© 1998, 1999, WetCanvas!
Your rendition of clothing is a powerful tool for designing a portrait beautifully. It can add a great deal to the feeling of reality you wish to achieve. Clothing is just fabric lying flat until someone puts it on the body. For all of us, our clothing means excess fabric, enough so we can move - bend, sit, crouch, walk. Since you will be painting many types of fabric, it's important to understand the individual characteristics of each one. There are thin, fine, clinging fabrics like chiffon, which is sheer enough to reveal the forms within; silk; and satin, which is also shiny. There are medium-weight fabrics like cotton (crisp or soft); taffeta (crisp and angular); knits (used for t-shirts and sweaters); and woolens for men's and women's suits. There are heavy woolens for coats (soft but bulky); velvets (pile fabrics that absorb light to the extent they show no highlight but rather a rim of light on the edges of the forms). There is fur (another pile material that can be flat and glossy like broadtail or longhaired lynx). The list goes on and on.
It's important to really notice the fabric
in the clothing of people you see around you and study the differences.
Mannequins in store windows and photos in fashion and sports magazines
are good sources for study. The weight and texture of the fabric
controls the manner in which it drapes, wrinkles, or folds. The
condition of the fabric - whether it is wet or dry, old or new, rumpled or pressed - also affects it's appearance.
A truly great way to practice drawing fabric hanging, is by hanging a sheet against the wall. Move the pins closer together and draw the folds. Finally, hang the material by one pin and draw the folds.
The Greek and Roman artists sculpted drapery
as if it were wet fabric, in very vertical pipelike forms. In
the works of Albrecht Durer and other artists of the Middle Ages,
the fabric appears crisp, and the folds are squarish and angular.
Peter Paul Rubens painted drapery in large round forms and influenced
the Baroque painters.
Two of the best to study for drapery are the eighteenth century artists Giovanni Battista Tiepolo and Antoine Watteau. The sculptor and painter Giovanni Lorenzo Bernini, made marble look like the airiest of fabrics billowing in the wind!
In the drawing above, after Lorenzo diCredi, a Renaissance artist, the figure appears to be nearly flying in the wind. The motion and emotion in this tiny study are created solely by the handling of the drapery. We know the drawing is fantasy from the artist's knowledge and imagination, for no one could ever see fabric moving this rapidly, let alone draw it. But the illusion is complete.
Well, at long last we arrive at adding color to our portrait!!!! Color will always be a challenge to the portraitist. At first sight it would appear that a portrait would be dominated by flesh tones. This, though, is not always the case as witnessed by looking at some of the greatest works of the old masters and others. By deciding upon a color idea - that is, a scheme of color that both harmonizes and reflects the feelings one has towards the subject - the picture will get off to a good start. An elegant lady with jewelry and silks will need a different color idea than that used in painting a baby or the noble head of an old man.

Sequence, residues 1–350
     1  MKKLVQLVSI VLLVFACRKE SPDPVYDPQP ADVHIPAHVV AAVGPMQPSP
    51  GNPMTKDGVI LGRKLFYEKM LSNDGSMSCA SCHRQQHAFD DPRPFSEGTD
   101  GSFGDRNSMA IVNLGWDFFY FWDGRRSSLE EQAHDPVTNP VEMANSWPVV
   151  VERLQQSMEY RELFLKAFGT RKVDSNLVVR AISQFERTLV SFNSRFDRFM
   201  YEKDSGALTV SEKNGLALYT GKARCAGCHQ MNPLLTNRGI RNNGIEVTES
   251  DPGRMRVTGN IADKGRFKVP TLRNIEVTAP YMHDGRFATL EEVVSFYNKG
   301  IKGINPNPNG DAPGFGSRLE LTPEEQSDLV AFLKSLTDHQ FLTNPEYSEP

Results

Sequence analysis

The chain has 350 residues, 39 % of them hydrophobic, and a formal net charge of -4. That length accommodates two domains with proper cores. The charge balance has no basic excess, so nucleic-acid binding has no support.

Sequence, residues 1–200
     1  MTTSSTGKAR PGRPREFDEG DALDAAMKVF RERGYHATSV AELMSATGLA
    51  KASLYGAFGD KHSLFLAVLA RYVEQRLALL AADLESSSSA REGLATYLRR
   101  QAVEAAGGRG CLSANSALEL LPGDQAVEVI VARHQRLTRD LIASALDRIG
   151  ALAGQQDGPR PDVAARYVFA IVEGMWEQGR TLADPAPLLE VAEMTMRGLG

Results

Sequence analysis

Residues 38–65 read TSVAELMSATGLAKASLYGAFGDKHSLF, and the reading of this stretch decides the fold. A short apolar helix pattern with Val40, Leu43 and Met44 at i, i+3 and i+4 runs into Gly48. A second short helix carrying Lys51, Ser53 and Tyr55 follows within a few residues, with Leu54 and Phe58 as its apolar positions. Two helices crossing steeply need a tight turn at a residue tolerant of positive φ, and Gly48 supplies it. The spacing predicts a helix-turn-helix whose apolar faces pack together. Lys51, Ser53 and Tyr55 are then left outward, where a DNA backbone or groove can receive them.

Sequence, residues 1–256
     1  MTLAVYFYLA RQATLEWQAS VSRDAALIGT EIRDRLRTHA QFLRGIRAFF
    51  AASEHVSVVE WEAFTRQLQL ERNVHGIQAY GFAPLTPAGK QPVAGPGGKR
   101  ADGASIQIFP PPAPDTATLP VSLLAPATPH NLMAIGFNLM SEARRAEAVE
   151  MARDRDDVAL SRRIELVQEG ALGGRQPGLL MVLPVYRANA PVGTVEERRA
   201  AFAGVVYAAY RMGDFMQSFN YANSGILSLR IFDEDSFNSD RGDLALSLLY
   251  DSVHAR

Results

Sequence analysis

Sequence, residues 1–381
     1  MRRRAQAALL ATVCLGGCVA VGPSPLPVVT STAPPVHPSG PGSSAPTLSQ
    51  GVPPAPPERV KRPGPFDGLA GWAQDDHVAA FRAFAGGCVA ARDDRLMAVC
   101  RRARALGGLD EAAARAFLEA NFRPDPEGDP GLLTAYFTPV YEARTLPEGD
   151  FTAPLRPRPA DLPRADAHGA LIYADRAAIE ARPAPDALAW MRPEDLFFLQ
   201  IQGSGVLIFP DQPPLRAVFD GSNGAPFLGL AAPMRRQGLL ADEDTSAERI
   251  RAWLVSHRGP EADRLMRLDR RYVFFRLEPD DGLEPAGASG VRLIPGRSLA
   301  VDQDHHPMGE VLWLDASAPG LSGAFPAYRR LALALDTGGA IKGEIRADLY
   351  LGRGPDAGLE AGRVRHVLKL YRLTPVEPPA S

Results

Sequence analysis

Flesh itself varies in color a great deal from the pink blush in a Fragonard (1730-1806) to the dry tints in a Wyeth, or the modulated tones in a Franz Hals (1585-1666). To experiment with the mixtures that might result in descriptive flesh tone is essential, and to use a mixture of techniques desirable.
I know you have heard this from me before, but limited palettes for flesh painting have always proved most successful. A good general palette that will mix in several ways would consist of yellow ochre, light red, terre verte, cobalt blue, and flake white. By mixing the yellow and red with perhaps a touch of terre verte or blue, a good general tint will be achieved. By using this limited palette discoveries will be made as to how red and blue, or blue and green, or any other multi-mixtures, will correspond to the colors seen.
Shadows should be carefully analyzed so that when painted in they are never simply a darkened version of the general color in the lighter areas; each shadow has its own color and tone. The shadows in the face and hands or any other flesh areas will be affected by external colors being reflected into them. Thus, the shadow on a nose might well have a green cast to the color whereas the darker, warmer tones beneath the eyebrows might contain a purplish-brown. By experimenting with both the "reflected" shadow colors and the local, lighter colors, one will discover the value of understanding and using the various color theories.
Remember, I have only my truth, your truth must be found by you. Only by experimenting with color will you find the mixtures that speak your truth.
I know that this is a terrible place to
leave you hanging for a week! But it is not my desire to load
you down with so much that you will not practice what you have
read. Prepare for a large lesson next week on color! We are nearing
the end of our lessons on portraits. Soon we will move on to landscapes,
still-life, seascapes, and many other things. However, you can
access me at any time through e-mail and if I
can help you on portraits in the future, let me know. Until next week....